My parents raised my brothers and me to have a strong identity as Reform Jews. We were clear about our Jewish ancestry. We fully embraced our connection to and responsibility toward synagogue life. We appreciated all the rituals we celebrated as a Jewish family. At the same time, though, they taught us to not be afraid of "the other"–those of different races, ethnic backgrounds and, especially, different religions. In fact, our respect and appreciation for the "the other" helped to strengthen our identity as Jews. So when it came time for celebrating Pesach, our seder was a perfect reflection of that philosophy.
My father led the seder and, while he was definitely a "non-believer," he managed to highlight the important traditions and the need for us to tell the story and remember the Exodus. We did it, however, "Mishkin–style!"
We used the old Chase and Sanborn Haggadah. My father "loved" all the "thees and thous" but his absolute favorite was the verse from Hallel–"Ye mountains, that ye skip like rams; Ye hills, like young sheep?" As kids we laughed, as adults we added our own humorous commentary and, in our own homes today, even though we use totally different Haggadot, my brothers and I find ways to insert that quote somewhere in our own seders.
I now have the copies of those Haggadot. And every year, as I prepare to lead my own family seder, I look back at the "ancient" Haggadah and marvel at how my father did his own bit of "outreach," always including everyone at the seder–Jew and non-Jew alike–because making the connection for anyone at the table was far more important than the blood line.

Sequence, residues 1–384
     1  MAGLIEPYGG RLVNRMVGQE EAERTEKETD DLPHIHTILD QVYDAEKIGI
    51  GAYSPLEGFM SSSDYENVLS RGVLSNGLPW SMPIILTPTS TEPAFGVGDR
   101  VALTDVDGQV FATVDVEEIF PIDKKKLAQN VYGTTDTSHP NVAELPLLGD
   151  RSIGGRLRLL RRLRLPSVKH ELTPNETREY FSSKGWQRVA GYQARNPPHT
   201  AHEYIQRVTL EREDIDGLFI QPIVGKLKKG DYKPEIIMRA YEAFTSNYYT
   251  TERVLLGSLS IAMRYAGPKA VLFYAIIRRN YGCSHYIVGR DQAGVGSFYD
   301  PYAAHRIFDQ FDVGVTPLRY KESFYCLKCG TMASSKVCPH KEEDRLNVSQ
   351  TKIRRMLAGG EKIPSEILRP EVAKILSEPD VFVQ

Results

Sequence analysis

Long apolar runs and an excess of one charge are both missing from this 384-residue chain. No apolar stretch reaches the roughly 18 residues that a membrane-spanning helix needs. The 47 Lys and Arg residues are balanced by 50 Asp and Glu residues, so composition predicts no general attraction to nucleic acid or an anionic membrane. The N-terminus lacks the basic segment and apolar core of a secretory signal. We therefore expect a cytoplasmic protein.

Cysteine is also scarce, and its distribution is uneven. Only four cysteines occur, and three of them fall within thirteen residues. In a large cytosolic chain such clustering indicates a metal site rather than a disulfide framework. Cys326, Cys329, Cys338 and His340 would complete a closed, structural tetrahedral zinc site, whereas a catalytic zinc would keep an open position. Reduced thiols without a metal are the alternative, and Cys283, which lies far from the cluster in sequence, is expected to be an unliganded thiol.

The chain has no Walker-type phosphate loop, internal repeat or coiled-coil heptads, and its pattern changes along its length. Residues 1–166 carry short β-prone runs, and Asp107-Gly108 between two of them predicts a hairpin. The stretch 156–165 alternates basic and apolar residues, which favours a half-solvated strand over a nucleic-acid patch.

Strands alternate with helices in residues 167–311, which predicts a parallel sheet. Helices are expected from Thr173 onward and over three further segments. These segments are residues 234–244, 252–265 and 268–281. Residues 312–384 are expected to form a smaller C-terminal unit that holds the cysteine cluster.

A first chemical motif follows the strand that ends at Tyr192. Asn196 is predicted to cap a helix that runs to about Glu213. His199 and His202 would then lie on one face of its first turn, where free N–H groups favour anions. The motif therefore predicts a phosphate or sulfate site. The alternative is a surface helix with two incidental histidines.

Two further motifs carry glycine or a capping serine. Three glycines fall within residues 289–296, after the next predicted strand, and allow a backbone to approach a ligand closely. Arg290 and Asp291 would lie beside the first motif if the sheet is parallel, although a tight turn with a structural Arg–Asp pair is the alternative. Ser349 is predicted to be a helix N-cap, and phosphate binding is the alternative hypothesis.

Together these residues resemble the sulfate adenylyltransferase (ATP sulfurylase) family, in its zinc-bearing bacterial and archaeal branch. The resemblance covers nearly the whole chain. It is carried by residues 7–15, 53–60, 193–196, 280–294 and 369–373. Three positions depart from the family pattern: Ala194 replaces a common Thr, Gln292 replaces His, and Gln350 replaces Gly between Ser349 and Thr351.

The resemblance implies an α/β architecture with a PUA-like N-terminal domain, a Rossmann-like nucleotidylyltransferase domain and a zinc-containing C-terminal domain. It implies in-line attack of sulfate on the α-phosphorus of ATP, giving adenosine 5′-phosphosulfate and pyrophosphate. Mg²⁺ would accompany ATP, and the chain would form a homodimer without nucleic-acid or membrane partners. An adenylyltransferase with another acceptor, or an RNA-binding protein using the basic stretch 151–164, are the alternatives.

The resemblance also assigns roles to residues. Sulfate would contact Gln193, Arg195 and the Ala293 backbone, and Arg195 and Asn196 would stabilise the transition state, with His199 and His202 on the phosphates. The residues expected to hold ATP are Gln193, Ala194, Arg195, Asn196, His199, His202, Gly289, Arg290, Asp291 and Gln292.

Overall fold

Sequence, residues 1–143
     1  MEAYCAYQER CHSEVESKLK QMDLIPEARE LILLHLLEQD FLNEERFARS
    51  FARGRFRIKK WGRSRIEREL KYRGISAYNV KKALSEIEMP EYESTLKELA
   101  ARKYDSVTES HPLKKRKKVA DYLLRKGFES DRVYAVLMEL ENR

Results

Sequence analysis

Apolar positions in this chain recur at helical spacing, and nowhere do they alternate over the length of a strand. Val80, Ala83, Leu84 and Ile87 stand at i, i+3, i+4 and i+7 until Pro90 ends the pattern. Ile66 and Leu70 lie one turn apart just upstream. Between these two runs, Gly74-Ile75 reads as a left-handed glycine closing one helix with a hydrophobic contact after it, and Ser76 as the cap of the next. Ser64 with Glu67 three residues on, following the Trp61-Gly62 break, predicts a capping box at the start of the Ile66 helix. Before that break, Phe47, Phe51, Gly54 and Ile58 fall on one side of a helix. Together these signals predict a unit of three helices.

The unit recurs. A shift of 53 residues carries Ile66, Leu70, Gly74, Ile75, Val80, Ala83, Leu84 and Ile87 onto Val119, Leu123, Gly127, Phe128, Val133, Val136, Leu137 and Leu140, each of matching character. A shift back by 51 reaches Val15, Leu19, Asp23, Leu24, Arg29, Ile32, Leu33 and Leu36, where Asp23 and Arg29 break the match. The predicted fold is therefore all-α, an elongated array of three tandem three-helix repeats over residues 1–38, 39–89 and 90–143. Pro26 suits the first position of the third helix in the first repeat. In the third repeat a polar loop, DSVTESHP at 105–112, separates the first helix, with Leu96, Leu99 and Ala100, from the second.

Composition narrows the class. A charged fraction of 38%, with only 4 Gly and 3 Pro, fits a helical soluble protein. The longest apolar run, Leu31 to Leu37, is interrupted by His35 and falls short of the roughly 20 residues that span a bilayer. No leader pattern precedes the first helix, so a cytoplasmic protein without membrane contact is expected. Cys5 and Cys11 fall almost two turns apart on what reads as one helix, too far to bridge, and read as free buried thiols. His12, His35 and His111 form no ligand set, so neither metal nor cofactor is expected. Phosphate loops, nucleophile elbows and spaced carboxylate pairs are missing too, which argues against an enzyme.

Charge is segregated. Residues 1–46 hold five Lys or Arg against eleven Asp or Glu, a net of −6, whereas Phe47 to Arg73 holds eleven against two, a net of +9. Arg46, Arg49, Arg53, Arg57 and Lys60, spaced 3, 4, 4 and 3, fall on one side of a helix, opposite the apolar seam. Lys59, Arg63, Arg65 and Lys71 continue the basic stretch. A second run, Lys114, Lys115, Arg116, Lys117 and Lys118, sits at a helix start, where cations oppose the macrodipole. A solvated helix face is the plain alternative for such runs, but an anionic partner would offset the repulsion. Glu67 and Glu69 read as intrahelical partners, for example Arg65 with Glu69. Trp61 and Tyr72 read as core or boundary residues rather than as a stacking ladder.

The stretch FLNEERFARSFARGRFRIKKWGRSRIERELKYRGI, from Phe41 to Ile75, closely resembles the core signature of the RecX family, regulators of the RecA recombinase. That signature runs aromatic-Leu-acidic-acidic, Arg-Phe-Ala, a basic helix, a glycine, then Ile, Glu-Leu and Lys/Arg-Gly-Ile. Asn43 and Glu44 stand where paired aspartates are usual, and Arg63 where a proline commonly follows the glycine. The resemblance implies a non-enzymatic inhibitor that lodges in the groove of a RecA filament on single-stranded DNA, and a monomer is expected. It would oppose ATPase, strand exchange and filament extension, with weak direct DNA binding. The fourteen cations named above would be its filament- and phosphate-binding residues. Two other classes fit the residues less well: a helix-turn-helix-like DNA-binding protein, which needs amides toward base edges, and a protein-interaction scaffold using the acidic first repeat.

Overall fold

The night before the seder he would sit in his favorite chair, his copy of the haggadah in hand, and would assign parts for everyone–scratching out the names from the last year and inserting the new names. Year after year he added the names of the non-Jewish girlfriends my cousins would bring with them, making sure that they would be comfortable with the parts to which they were assigned. No one was to be embarrassed by their lack of knowledge–and all they remember was that "Uncle Al" was so accepting and welcoming. He added his own unique humor to the seder but never watered down the importance of the ritual lest it lose its integrity. He made the Jewish experience one that was welcoming for all. No one–Jew or non-Jew–left feeling like a stranger or an "other."
A seder in our home wasn't a seder unless there were a few Jesuit priests present. We were as close to the Jesuits as we were to the rabbi in town. I will never forget the image of Father Jack Fahey–wearing both his priest's collar and a green yarmulke. But our seder connection with the Jesuits did not stop there. One year our family was invited to lead a seder at Gonzaga Retreat House, for 100 nuns and all of the Jesuits who lived there–and to do it on Maundy Thursday, also known as Holy Thursday, during Easter week. It was the ultimate in sharing of personal religious customs and working to break down the barriers between Jews and Christians. The local paper put us on the front page, with a picture of my father–the man who would fall asleep in Temple–wearing a yarmulke and holding the Chase and Sanborn Haggadah, all while standing in front of a crucifix. And the nuns kept going back into the kitchen for more charoset–which they thought was "Waldorf salad!"
My parents taught us not to be afraid of the "other." Instead we could celebrate our Jewish identity to the fullest while inviting "others" to participate. We invited guests into our sukkah (OK, it was for a Republican Party Kaffee Klatch!), and shared in our Hanukkah celebration while also playing Santa Claus for our Gentile friends in town. And, of course, we led our famous Maundy Thursday seder–just another of the Mishkin family Jewish traditions!
Dr. Madelyn Mishkin Katz is associate dean at HUC, Jack H. Skirball Campus, Los Angeles, California.